US judge blasts drug lord El Chapo's 'overwhelming evil,' imposes life sentence

Above, Joaquin ‘El Chapo’ Guzman being extradited to the United States on January 19, 2017. The notorious drug lord was found guilty by a US jury in February of trafficking tons of cocaine, heroin and marijuana. (Interior Ministry of Mexico/AFP)
Updated 17 July 2019

US judge blasts drug lord El Chapo's 'overwhelming evil,' imposes life sentence

  • Joaquin Guzman was found guilty by a jury in February of trafficking tons of cocaine, heroin and marijuana
  • US prosecutors have claimed that ‘El Chapo’ sold more than $12 billion worth of drugs

NEW YORK : Joaquin Guzman, the convicted Mexican drug lord known as El Chapo, has escaped twice from maximum-security prisons in Mexico, once by digging a mile-long tunnel from his cell.
If U.S. authorities have their way, a third escape for Guzman will never happen.
A federal judge in Brooklyn sentenced Guzman to life in prison, plus 30 years, on Wednesday.
Authorities have not said where he will be imprisoned. But he likely will spend the rest of his life at the U.S. Penitentiary, Administrative Maximum Facility in Florence, Colorado, the cumbersome name for what is better known as ADX Florence, the nation's most secure "Supermax" prison.
No one has escaped from the prison since it opened in 1994, and Guzman would join a long list of the most infamous of criminals who call it home.
"It's very well designed for its purpose, to hold the most dangerous offenders in the federal prison system," said Martin Horn, a professor at the John Jay College of Criminal Justice in New York and former commissioner of the city's Department of Correction.
"In his previous two escapes, Guzman has demonstrated that he may be a greater risk of escaping than pretty much anyone else. That makes ADX Florence an appropriate place for him."
Guzman, 62, was convicted on Feb. 12 of trafficking tons of cocaine, heroin and other drugs into the United States as the leader of the Sinaloa Cartel in Mexico, where prosecutors said he amassed power through murders and wars with rival cartels.
Guzman is currently at the Metropolitan Correctional Center in Manhattan. He said at his sentencing that he had been subjected to "cruel and inhumane" treatment during his 30 months of confinement.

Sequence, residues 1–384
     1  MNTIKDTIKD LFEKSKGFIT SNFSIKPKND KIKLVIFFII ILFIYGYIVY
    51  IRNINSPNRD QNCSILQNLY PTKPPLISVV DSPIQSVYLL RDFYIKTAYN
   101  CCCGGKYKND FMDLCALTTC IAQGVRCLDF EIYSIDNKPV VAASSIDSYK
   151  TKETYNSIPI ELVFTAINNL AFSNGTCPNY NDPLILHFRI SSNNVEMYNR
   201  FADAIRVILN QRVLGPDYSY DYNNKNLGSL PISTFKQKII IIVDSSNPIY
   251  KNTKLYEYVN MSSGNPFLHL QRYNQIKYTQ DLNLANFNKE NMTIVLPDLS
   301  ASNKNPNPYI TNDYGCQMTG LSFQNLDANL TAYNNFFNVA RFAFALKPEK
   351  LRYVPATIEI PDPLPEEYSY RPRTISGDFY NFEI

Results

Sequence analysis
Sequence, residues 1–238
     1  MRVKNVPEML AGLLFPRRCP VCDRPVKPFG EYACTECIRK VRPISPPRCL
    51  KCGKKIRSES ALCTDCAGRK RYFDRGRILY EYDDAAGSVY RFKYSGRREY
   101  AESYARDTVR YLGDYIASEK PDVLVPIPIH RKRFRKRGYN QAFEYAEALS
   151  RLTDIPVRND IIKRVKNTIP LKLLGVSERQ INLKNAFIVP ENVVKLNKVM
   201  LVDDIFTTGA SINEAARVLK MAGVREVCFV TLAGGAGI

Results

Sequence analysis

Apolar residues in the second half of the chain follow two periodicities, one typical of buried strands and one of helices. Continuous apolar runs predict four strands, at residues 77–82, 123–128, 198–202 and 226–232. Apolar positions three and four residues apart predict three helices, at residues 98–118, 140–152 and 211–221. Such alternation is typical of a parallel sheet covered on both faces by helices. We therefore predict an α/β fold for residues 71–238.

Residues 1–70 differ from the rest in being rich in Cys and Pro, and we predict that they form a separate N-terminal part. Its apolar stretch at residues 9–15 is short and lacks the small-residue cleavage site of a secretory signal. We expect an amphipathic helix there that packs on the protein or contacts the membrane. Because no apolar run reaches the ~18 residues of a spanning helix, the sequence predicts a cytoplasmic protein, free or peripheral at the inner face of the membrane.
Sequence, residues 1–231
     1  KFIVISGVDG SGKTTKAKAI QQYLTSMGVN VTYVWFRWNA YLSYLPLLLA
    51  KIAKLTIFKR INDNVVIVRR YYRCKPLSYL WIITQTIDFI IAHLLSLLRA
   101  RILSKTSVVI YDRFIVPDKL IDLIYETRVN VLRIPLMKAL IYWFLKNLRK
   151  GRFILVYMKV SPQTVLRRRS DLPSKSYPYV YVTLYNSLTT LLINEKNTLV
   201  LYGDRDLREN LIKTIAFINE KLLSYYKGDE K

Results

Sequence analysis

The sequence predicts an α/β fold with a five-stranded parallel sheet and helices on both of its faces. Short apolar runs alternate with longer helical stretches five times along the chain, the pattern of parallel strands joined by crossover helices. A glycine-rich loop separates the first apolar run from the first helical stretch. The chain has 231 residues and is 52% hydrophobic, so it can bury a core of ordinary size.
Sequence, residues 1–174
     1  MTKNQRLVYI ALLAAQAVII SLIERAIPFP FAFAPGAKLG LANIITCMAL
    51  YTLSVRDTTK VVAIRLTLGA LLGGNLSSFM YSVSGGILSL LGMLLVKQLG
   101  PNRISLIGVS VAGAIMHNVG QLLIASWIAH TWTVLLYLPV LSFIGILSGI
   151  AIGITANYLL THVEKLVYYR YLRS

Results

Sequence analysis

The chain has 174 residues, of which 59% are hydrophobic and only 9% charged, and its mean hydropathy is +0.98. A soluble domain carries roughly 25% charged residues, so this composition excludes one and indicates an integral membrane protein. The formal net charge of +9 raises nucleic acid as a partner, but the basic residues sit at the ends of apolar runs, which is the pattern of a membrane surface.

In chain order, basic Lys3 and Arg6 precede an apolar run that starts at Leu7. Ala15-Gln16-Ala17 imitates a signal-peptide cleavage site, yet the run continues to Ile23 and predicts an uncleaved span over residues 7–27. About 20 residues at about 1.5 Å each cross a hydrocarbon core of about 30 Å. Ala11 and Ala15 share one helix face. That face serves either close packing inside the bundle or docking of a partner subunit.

At a news conference following the sentencing, Guzman's attorney said he was not certain which prison his client would be sent to, but presumed it would be Supermax.
"It actually may be a walk in the park compared to what he's experiencing now," said the lawyer, Jeffrey Litchman.

Located about 115 miles (185 km) south of Denver, ADX Florence is nicknamed "Alcatraz of the Rockies" after the San Francisco prison whose inmates included the gangsters Al Capone and George "Machine Gun" Kelly, and Robert Franklin Stroud, known as the Birdman of Alcatraz.
ADX Florence's current roster of about 376 inmates reads like a who's who of notorious criminals.
Among those calling the prison home are "Unabomber" Ted Kaczynski, Sept. 11 conspirator Zacarias Moussaoui, Terry Nichols from the 1995 Oklahoma City bombing, "Shoe Bomber" Richard Reid, Boston Marathon bomber Dzhokhar Tsarnaev, and Ramzi Yousef from the 1993 World Trade Center bombing in New York.
Prisoners are typically confined for around 23 hours a day to solitary cells, each with a narrow window about 42 inches (107 cm) high and angled upward so only the sky is visible.
They can watch TV in their cells, and have access to religious services, educational programs and a commissary.
But special restrictions are used to ensure that inmates cannot exert influence or make threats beyond the prison walls. Prisoners cannot move around without being escorted. Head counts are done at least six times a day.
Guzman's first escape came in 2001, purportedly in a laundry cart and with the help of prison officials he had corrupted. His second escape, through the tunnel, came 14 years later.
Horn said ADX Florence "is literally built into the side of a mountain, with a robust security infrastructure."